I’ve been cancer free for 8-years. I admit it’s a badge of courage I wear with pride. Yet if you asked me to give you the day-by-day details of the battle, it would be a struggle. Much of my experience has become a vague, distant memory; however there is one significant event I remember vividly – the diagnosis. I remember the sterile, cold room where I awaited my fate. I remember the doctor and nurse entering the room. I remember the Doctor standing at the foot of the examining table and the nurse who stood at my side – was she there to soften the blow or catch me if I were to fall? I remember the doctor deeply inhaling, preparing to say the words- “I’m sorry. You have cancer.” I recall my husband’s face turn to panic and just as quickly to a determined look of how can I fix this. I remember the tears welling in my eyes. I remember leaving the office, averting the gaze of waiting room visitors who wondered, what could be this woman’s fate?
Repeat this scenario. You’re sitting in a doctor’s office. The doctor and nurse enter. The nurse stands at your side, as if there to catch you if you were to fall. The doctor who sits before you, takes a deep breath as to prepare himself to speak the words that will inevitably change your life forever - “I’m sorry. Your child has cancer.”
I find it difficult to even type the words. Saying them out loud is nearly impossible. Hearing those words? Unfathomable. Yet these were the words that Jake Wetchler’s parents heard and are the same words that approximately 12,400 parents in the US are told every year.
Jake Wetchler was a senior in high school when he was diagnosed with Stage IV Hodgkin’s lymphoma. His parents describe him as a born philosopher who pushed himself to the max both physically and mentally. Jake fought hard and successfully beat his Hodgkin’s into remission; however the joy was short lived. Nearly a year later, Jake was diagnosed with AML- an aggressive and relentless form of cancer which was likely caused by the chemotherapy used to treat Jake’s Hodgkin’s. Not without a fight, AML eventually took the life of Jake Wetchler. Here is an excerpt from Jake’s story, which I urge you to read in full:
In this age of incredible scientific and medical advances, the treatments for most pediatric cancers have yet to advance in recent decades. The Jake Wetchler Foundation- don’t let the cancer win is fighting to make a change. Their fundraising mission, Fight Back with Fitness, helps raise the necessary funds for research and improvement of pediatric cancer treatments.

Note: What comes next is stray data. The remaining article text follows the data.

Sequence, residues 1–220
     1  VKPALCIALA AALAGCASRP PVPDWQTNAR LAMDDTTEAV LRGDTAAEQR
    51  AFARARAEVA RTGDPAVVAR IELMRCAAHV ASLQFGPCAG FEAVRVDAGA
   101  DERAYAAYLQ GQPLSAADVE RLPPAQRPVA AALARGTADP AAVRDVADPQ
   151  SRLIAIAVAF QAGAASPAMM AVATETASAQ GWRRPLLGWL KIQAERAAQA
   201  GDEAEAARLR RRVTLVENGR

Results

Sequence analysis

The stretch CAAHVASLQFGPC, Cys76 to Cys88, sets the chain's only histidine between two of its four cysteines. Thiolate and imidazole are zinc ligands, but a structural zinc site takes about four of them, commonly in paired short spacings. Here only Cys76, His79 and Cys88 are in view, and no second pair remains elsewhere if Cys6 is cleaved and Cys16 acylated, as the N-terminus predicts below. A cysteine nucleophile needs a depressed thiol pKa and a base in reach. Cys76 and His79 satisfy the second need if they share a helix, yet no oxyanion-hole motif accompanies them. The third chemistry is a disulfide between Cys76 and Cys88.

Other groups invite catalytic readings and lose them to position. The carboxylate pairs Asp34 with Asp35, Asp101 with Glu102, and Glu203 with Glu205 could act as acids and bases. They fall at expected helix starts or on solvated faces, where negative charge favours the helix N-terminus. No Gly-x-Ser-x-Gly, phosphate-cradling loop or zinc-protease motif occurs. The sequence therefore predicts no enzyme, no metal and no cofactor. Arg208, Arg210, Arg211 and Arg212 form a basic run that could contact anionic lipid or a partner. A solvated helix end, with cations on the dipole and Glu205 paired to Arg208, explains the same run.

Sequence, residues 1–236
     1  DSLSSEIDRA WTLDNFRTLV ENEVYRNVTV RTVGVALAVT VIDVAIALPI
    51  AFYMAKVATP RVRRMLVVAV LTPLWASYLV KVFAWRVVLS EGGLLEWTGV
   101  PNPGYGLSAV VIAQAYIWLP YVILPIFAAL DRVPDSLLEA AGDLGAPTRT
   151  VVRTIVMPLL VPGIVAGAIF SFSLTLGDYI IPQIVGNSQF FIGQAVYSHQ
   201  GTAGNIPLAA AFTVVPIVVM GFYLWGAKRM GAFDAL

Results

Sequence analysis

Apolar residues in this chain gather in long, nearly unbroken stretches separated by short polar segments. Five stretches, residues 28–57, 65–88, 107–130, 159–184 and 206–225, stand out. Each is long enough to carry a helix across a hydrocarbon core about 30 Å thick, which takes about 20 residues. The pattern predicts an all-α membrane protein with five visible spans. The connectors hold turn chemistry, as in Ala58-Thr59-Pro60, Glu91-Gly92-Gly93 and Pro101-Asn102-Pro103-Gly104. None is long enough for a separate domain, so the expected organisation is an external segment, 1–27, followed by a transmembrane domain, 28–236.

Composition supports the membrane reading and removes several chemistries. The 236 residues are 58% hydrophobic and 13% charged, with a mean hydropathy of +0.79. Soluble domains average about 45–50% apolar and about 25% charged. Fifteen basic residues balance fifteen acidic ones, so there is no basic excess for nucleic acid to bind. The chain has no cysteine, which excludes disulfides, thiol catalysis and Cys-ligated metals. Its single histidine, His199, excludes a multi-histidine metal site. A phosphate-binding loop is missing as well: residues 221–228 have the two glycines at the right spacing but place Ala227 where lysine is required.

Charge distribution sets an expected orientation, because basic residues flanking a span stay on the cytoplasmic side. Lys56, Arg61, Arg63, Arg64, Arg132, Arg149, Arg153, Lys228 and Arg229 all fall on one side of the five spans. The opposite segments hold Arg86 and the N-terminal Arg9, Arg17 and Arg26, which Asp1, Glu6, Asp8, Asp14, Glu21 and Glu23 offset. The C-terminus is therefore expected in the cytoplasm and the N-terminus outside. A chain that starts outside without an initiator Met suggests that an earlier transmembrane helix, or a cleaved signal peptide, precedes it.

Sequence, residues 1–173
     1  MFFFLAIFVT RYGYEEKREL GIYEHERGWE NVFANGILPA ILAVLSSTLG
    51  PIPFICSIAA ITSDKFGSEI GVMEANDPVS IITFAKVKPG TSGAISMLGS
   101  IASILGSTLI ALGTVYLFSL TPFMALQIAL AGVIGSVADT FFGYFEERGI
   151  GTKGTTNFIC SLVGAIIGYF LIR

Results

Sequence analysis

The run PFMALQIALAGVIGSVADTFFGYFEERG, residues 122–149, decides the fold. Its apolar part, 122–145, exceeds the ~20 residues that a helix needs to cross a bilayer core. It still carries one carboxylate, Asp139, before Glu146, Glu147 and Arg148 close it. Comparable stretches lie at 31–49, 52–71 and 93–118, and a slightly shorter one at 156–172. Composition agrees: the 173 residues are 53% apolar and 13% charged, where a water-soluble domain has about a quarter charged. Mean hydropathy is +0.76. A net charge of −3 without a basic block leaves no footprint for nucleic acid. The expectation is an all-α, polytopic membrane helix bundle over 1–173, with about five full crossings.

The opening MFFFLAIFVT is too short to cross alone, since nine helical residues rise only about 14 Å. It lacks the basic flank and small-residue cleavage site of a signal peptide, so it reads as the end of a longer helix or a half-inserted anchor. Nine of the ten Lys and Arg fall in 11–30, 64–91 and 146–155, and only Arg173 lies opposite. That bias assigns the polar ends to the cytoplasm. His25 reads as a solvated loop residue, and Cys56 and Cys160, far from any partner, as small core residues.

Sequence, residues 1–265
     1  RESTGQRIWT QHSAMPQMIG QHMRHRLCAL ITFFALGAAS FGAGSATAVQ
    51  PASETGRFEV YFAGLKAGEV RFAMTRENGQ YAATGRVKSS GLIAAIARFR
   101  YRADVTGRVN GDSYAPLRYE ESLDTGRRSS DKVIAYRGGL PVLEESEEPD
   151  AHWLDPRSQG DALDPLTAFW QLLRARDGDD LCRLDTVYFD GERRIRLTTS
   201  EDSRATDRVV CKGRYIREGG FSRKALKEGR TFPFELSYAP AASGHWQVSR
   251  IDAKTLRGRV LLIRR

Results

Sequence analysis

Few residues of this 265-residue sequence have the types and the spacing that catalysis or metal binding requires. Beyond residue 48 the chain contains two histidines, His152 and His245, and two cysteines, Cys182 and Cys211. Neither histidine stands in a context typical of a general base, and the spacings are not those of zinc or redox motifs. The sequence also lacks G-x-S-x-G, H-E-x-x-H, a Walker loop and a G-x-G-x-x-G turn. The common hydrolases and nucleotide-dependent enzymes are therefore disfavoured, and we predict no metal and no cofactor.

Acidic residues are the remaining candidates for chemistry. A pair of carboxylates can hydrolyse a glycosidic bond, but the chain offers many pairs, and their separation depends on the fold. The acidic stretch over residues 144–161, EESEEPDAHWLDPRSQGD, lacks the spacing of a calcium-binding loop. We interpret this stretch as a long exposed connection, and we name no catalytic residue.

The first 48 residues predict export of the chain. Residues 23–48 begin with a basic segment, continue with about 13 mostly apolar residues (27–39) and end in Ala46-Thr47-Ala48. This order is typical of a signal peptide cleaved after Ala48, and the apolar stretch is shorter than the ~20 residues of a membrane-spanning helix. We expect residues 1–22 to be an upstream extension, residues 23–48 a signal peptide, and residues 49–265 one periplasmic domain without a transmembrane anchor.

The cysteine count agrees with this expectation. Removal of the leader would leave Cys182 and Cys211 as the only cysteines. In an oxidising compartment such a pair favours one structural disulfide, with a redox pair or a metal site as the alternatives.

|Challenge yourself to a personal fitness goal and raise funds by promising to stick with it. You get fit and kids get a better chance at beating cancer. Everyone wins.|
I’m a child safety professional by day, but a volleyball coach by night. In Jake’s honor and in his spirit, our team, the “Sparx”, are joining The JakeWetchler Foundation as part of the MVSAFight Back with Fitness Invitational. In addition to playing in this tournament, our team of 11 girls are determined to reach a fundraising goal of $500. Why Fight Back with Fitness? Because it challenges participants to Pick a Fitness Goal, Set a Fundraising Goal, and Go For It!
|The Sparx are Fighting Back with Fitness!|
Team Sparx wants your help! Will you help us reach our goal? It’s easy to do. Simply click on the link to our fundraising page and donate what you can. Every dollar counts but you must act fast. We want to reach our goal by March 25th. It is on this day that Team Sparx will dedicate each serve, set, pass and dig to this cause. We will strive to play each game with the strength and courage Jake Wetchler demonstrated every day.